The B section is also in ternary form, and again begins with lyrical phrases, this time in E major, which is quite a shocking departure from Ab major. Chopin achieves this by taking the final note in the melody, an Ab, and enharmonically tying it over as a G#, suspended over a B7 chord (the dominant of E major). Though the connection of Ab and E major seems surprising, both begin with the melody on the third scale degree, and thus the (enharmonically) tertiary relationship between the keys is evident. The middle of the B section is a simple scalar rise in B major in the right hand over an F#7 in the left hand, which resolves at the ends of the phrases.

Op. 17, No. 4

The final Mazurka of this set is marked Lento ma non troppo and is in A minor. This mazurka is longer than the others in the set and is perhaps the largest in scope as well. The piece begins with an interesting three voice chorale-type section in which the middle voice is the melody and the top and bottom voices stay the same. The ensuing phrase has a choral left hand similar to the famous Prelude in E minor (Op. 28, No. 4). The phrase ends with a descending melodic sequence but the drive to A minor is unsatisfied, instead beginning a repeat of the phrase which does succeed in ending on the first tonic chord of the piece, several measures in.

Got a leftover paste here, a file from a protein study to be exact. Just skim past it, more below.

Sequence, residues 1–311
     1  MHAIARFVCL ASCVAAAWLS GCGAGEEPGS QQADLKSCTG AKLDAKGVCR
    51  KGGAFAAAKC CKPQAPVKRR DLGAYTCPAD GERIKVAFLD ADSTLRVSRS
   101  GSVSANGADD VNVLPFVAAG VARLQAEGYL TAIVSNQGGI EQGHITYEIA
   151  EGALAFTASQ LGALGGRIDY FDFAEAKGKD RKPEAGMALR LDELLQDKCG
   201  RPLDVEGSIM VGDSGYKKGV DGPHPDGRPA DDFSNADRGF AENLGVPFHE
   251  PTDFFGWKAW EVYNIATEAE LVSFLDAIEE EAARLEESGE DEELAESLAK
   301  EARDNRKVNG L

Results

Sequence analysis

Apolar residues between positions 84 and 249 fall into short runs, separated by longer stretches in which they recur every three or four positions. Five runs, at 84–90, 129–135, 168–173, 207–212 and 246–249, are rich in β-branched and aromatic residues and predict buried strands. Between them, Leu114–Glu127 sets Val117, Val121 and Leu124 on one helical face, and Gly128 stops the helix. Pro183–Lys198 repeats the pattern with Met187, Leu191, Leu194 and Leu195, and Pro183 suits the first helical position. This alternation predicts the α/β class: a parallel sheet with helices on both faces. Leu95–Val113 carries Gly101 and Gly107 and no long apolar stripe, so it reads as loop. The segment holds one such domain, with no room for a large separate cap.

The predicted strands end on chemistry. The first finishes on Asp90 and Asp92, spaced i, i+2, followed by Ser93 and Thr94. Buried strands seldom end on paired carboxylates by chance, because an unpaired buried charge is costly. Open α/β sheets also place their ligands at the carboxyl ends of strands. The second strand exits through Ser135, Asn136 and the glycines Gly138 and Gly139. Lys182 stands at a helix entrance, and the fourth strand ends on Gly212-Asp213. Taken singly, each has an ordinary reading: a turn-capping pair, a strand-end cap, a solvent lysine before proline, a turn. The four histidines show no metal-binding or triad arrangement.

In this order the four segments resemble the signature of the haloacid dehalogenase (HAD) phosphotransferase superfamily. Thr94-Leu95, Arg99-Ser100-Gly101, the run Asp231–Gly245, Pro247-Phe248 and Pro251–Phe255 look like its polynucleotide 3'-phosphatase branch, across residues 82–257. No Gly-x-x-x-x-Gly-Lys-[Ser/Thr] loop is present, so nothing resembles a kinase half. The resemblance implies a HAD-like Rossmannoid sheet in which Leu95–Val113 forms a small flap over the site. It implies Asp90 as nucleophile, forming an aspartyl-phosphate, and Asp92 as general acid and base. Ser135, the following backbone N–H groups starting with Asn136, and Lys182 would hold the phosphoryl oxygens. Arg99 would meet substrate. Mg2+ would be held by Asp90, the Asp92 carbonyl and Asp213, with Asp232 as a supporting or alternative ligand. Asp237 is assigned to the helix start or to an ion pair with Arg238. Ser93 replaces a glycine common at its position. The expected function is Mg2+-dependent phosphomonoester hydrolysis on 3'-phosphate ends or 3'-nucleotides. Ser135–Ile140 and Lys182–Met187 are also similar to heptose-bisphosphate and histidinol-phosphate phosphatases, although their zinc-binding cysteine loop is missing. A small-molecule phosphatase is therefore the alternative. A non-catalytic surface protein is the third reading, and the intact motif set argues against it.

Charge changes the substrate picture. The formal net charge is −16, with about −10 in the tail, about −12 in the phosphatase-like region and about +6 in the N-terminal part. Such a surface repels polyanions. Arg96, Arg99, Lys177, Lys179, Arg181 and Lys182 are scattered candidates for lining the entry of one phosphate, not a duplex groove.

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The A section ends with a “Picardy Third”, leading us to a B section in the parallel A major. As with many of his B sections, there is a pedal point (this time of the tonic, A) throughout the entire B section. After the return and recapitulation of the A section, the piece ends with the same introductory choral-style rhetoric. Very interestingly, the final chord is not a resolved A minor, the expected chord tone “E” is replaced with an “F”, making a chord which can be analyzed as an F major in first inversion, though the ear will probably hear an unresolved A minor.

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 Publishers of Chopin’s music include:

  • Breikopf & Härtel
  • Maurice Schlesinger
  • Camille Pleyel
  • Cybulski (Polish)
  • Brzezina (Polish)
  • Peters

Notable performers with recordings of this piece include:

  • Arthur Rubinstein
  • Vladimir Ashkenazy
  • Vladimir Horowitz
  • Tatiana Shebanova

Captain Thaddius’ Hot Take:

These Mazurkas are a bit more technically challenging than the Mazurkas of Op. 6. There is more counterpoint in the left hand, and more complex and surprising harmonic changes (such as the enharmonic modulation of the third Mazurka), and multi-voiced melody. Performing this set with great attention to articulation and rhythmic integrity would be a very great challenge for advanced students, though less advanced could enjoy learning the notes and doing the best they could with articulation.